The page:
Nanna Debois Buhl

[Installation view (Photo: Anders Sune Berg)]

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The Mapmaker, 2008

Film, 2 custom carpets, seating, 8m 0s, Dimensions Variable

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By studying the use of cartography in 18th century colonial administration, I am interested in how mapping and naming are used as methods to claiming land. While Joseph Conrad describes the areas to become colonized by western nations as "white spots on the map," I find it interesting to reflect on how these places had enormous economical impact in the colonial mother nations and yet at the same time they have once again become "blank spaces" in our national self understanding.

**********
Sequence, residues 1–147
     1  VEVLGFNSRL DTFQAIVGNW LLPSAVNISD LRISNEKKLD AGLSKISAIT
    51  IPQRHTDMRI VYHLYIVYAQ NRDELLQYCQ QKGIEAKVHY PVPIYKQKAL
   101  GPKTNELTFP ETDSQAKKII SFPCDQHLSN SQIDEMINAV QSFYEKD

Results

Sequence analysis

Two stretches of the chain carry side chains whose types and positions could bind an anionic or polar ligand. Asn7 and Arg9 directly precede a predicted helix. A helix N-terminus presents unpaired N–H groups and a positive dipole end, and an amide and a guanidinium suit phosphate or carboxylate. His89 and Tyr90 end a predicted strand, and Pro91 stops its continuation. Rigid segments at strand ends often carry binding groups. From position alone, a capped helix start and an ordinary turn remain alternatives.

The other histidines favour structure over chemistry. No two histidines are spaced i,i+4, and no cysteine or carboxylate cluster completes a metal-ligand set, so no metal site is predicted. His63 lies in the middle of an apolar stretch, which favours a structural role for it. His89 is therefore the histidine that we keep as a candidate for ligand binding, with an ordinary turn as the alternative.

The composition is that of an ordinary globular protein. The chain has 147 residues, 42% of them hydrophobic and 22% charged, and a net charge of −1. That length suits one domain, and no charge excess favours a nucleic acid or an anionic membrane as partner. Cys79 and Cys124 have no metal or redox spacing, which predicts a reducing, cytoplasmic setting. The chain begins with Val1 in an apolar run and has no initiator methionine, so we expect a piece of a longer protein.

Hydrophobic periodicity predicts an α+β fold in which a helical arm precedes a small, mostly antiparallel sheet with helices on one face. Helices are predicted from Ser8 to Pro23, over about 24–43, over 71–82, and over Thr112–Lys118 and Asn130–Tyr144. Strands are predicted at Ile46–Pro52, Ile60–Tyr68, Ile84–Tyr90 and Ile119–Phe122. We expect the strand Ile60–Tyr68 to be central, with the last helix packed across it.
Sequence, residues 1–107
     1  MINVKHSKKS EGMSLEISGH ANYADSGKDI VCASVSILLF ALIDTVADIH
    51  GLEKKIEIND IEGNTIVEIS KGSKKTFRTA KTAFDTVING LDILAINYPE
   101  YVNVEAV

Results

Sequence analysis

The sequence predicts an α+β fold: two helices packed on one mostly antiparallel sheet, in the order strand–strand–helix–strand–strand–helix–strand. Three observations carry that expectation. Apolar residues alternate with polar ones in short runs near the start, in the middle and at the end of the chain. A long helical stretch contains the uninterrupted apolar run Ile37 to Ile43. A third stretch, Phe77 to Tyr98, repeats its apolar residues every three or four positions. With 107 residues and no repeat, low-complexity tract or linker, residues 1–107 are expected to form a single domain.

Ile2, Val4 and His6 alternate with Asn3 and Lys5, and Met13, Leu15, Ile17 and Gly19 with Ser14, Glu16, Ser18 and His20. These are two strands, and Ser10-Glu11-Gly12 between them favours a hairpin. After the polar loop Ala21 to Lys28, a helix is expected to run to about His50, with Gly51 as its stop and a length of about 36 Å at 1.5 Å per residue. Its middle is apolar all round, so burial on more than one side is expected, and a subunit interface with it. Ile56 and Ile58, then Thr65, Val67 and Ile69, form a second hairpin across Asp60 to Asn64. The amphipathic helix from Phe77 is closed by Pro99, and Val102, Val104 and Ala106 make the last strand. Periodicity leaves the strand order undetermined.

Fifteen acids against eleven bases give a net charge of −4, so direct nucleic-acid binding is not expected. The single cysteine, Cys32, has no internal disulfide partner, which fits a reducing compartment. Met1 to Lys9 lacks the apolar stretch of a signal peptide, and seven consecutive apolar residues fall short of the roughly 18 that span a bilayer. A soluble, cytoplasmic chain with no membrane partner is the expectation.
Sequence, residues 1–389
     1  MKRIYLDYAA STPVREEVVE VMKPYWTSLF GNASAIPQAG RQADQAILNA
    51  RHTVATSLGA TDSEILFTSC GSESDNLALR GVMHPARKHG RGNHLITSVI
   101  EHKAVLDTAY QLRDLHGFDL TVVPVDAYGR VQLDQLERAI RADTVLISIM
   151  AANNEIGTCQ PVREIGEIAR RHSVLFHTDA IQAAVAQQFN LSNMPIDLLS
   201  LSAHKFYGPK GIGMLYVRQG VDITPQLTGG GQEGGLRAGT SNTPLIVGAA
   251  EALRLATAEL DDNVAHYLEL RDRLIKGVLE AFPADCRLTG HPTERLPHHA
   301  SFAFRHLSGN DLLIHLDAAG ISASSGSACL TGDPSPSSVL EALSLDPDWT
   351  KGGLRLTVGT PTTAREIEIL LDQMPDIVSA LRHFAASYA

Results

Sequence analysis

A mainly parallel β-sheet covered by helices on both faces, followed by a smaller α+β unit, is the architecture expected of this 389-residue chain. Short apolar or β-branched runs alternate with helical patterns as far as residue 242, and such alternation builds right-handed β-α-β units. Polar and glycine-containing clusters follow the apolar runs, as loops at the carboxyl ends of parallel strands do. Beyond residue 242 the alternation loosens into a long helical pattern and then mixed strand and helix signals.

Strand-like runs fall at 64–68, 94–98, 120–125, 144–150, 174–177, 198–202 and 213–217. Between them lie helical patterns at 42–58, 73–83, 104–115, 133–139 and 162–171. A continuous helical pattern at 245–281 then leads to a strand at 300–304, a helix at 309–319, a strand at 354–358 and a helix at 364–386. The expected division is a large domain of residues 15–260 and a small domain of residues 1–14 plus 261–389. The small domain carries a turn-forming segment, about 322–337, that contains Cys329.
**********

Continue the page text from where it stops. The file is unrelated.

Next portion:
The installation "The Mapmaker" contains a film as well as two tapestries. A floor carpet depicts the first Danish map drawn of St. Croix (1750), and an expedition photo from St. Croix (1911) is transformed into a panoramic wall tapestry. The film consists of a text, in which I reflect on the acts of mapping, naming and photographing as ways of occupying a space, as well as on how the routes of the colonizer to some extend are continued by the routes of the tourist today.

Artworks by Nanna Debois Buhl

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